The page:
A case of steroid-induced diffuse alveolar hemorrhage
Disruption of the alveolar-capillary basement membrane leading to bleeding into the alveolar spaces of the lung is characteristic of diffuse alveolar hemorrhage (DAH) syndrome and hemoptysis is the most common presenting symptom.

Steroids are an uncommon cause of DAH and, through this case, published in the journal Lung India, the authors aim to increase awareness regarding the acute and life-threatening pulmonary complications of anabolic steroid (AS) usage.

A 47-year-old male, current smoker, presented with 1-week history of hemoptysis triggered by cough during construction work and sexual intercourse. He had at least five episodes of productive cough of 4–6 ounces of bright red blood through his mouth and nose. A visit to an otolaryngologist did not reveal a cause.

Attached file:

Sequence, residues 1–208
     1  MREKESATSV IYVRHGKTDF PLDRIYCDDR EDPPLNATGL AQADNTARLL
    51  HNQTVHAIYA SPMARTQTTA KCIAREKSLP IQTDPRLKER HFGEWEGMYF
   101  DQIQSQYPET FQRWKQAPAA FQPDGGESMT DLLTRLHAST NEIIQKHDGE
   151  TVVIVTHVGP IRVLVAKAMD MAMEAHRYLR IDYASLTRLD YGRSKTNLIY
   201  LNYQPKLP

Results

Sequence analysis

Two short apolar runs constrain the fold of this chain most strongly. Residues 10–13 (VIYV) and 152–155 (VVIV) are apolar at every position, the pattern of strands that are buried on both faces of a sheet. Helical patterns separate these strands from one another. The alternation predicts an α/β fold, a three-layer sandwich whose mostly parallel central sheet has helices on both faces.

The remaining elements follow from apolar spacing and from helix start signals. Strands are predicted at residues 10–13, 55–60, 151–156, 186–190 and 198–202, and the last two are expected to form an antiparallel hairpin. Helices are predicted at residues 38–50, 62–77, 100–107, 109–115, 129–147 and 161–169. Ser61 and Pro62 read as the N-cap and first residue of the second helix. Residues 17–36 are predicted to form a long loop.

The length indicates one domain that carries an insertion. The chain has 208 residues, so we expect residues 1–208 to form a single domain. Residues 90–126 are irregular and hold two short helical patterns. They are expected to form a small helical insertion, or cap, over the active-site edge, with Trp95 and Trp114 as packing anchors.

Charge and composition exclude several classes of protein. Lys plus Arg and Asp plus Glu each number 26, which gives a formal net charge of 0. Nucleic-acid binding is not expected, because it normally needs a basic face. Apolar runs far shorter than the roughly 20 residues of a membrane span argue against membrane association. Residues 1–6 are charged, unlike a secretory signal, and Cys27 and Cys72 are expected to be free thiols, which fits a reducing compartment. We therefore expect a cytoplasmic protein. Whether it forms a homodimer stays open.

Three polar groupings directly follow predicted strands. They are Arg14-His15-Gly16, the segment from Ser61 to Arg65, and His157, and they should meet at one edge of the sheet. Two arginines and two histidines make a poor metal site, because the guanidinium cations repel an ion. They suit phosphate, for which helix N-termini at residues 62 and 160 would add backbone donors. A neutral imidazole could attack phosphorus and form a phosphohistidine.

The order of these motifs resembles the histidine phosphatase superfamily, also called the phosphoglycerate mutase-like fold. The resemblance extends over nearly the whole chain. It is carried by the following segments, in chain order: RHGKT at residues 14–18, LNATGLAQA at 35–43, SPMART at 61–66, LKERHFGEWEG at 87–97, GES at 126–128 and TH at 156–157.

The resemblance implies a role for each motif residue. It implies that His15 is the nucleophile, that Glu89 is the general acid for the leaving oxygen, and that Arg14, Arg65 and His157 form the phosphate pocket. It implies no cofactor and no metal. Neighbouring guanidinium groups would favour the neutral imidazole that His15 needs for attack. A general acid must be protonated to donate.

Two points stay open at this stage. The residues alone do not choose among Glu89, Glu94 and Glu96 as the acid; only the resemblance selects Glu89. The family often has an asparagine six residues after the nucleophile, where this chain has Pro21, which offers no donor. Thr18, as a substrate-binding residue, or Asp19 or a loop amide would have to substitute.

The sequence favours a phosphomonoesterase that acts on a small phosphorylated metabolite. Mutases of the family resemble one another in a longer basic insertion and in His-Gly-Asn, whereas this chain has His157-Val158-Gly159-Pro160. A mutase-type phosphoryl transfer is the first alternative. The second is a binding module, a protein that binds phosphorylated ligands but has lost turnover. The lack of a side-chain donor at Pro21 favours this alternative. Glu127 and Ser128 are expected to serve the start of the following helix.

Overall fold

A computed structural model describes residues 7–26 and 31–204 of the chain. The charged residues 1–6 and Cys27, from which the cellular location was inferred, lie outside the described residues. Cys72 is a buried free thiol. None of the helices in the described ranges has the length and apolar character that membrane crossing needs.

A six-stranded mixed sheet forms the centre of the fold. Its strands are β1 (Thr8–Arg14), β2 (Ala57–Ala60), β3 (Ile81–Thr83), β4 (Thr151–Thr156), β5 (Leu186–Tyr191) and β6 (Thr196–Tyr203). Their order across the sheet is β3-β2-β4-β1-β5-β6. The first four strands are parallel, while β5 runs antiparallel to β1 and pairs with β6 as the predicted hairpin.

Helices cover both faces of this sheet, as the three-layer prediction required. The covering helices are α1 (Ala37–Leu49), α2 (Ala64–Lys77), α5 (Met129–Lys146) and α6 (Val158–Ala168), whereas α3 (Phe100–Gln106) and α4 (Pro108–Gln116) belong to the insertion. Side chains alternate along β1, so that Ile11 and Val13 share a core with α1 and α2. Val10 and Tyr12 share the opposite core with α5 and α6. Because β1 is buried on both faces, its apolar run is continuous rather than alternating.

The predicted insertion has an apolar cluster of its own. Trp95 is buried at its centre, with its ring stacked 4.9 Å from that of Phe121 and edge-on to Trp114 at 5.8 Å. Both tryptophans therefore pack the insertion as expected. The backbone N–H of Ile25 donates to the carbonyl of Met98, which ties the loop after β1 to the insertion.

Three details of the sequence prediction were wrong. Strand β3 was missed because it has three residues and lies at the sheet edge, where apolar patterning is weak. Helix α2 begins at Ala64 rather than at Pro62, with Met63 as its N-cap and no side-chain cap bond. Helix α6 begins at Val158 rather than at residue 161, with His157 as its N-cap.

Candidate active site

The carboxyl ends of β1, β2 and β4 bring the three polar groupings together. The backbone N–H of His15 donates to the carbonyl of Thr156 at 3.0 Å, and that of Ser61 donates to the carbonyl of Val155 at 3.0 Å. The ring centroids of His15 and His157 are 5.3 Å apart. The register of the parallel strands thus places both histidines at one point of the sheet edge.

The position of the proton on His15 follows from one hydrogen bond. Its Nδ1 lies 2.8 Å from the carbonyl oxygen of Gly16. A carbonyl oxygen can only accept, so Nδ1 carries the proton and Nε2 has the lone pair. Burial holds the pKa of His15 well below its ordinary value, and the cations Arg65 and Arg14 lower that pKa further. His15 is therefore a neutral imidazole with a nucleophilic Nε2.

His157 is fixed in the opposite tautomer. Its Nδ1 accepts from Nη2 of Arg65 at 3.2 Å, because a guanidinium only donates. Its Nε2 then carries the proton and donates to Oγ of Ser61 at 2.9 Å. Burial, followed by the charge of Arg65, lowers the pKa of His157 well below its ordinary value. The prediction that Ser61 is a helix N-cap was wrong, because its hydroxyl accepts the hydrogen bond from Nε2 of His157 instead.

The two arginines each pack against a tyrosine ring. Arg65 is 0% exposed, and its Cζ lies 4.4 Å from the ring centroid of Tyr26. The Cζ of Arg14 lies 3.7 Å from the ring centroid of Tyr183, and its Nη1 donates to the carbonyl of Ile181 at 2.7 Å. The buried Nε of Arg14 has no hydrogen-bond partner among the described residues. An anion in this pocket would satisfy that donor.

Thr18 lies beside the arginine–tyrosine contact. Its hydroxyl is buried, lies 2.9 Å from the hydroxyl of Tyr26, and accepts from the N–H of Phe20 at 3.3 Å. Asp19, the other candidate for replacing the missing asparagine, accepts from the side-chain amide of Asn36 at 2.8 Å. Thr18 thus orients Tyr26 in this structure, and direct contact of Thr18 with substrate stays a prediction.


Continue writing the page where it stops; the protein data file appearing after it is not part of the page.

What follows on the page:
A CT scan of the chest with contrast revealed a nonspecific, patchy right upper-lobe airspace opacity without a focal lesion or lymphadenopathy. The patient denied other symptoms and any exposures to birds, pets, and farm animals recently or in the past. He works as an electrician with exposure to insulation material.

He is an avid weightlifter and his wife endorsed that he used AS 3 times a week (trenbolone acetate, testosterone cypionate, and drostanolone proprionate). His physical examination and laboratory examination including complete blood count, comprehensive metabolic panel, and coagulation panel were normal.

A bronchoscopy revealed normal mucosa, no endobronchial lesions, and progressively bloody return on bronchoalveolar lavage (BAL). Cytological and microbiological studies on the lavage fluid were negative for malignancy and infections, though hemosiderin-laden macrophages were noted. Hemoptysis was attributed to DAH from AS use and discontinuation of steroids resulted in its cessation.

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